What's New for 1996
Engine upgrades, new automatic climate controls and real wood on the dashboard in Cartier models sum up the changes to the Town Car.
Lincolns have always been big, comfortable cruisers designed to coddle drivers and passengers in silent, swift comfort. The 1996 Town Car is no exception. While not exactly swift, the Town Car is motivated by a creamy smooth 4.6-liter V8 that gets it underway with reasonable aplomb, and the interior easily accommodates six in reasonable comfort.
Modest improvements are the rule for the 1996 Town Car. The engine has been upgraded, and new automatic temperature climate controls reduce confusion inside. Cartier models get real wood on the dashboard and rear vanity mirrors. A 75th Diamond Anniversary model joins the lineup.
The Town Car competes primarily with the Cadillac Fleetwood, and has been soundly trouncing the Caddy is the sales race. Lincoln sells more than 100,000 Town Cars annually, but we can't figure out why such a large gap exists between the Lincoln and the Cadillac. The Cadillac is larger inside, and far more comfortable. It is also more tastefully restrained in style, though either car could win the gold in the Ostentation Olympics. However, the Town Car's interior materials are first-rate, better in texture and design than those found in the Fleetwood. Ergonomically, the Town Car bests the Cadillac as well, featuring Ford's new easy-to-use corporate radio as the centerpiece of a more ergonomically sound dashboard. Cadillac claims that Lincoln relies on fleet sales to boost sales figures.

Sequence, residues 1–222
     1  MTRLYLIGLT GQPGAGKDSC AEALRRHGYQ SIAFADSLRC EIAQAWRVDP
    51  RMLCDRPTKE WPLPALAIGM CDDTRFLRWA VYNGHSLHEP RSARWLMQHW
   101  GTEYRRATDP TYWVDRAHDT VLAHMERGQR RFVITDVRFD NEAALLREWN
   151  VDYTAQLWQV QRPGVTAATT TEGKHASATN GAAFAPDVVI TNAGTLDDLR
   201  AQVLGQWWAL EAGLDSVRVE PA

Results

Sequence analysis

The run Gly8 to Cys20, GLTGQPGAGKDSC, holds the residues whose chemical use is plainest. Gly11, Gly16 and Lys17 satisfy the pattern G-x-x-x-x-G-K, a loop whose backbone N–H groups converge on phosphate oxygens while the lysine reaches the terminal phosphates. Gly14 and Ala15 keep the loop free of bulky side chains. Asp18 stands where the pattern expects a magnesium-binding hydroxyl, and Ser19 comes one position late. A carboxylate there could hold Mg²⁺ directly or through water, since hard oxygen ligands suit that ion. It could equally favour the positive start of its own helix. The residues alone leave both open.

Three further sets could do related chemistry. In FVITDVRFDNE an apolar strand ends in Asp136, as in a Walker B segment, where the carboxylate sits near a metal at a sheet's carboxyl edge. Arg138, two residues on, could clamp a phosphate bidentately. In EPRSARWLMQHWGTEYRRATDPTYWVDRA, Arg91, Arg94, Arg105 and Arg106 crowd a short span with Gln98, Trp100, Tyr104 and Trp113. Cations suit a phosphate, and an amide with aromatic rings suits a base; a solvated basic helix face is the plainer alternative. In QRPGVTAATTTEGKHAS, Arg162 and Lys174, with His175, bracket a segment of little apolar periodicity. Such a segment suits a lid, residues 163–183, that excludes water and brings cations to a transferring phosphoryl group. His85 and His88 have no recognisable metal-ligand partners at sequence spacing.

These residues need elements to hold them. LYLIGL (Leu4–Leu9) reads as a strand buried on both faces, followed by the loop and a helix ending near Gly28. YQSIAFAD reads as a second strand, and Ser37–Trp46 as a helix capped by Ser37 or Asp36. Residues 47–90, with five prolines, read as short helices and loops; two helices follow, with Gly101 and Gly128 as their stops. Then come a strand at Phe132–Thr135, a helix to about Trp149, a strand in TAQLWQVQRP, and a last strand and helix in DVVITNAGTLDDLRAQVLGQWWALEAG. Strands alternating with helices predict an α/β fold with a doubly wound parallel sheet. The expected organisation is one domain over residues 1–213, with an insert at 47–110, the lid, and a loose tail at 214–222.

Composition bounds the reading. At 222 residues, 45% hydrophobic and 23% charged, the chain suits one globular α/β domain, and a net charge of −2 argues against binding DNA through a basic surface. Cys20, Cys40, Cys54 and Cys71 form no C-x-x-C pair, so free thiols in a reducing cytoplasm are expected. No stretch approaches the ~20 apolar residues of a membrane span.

Still, where the Fleetwood reeks of Santa Barbara elegance; the Town Car comes off as Las Vegas glitz. The Fleetwood is cavernous, the Town Car less so, particularly in the back seat. The Fleetwood has a brash Corvette LT1 engine under the hood, while the buttery modular V8 of the Town Car has more sophisticated power delivery. When all is said and done, we prefer the Fleetwood, without the tacky vinyl roof. Try them both yourself, and decide which suits you better.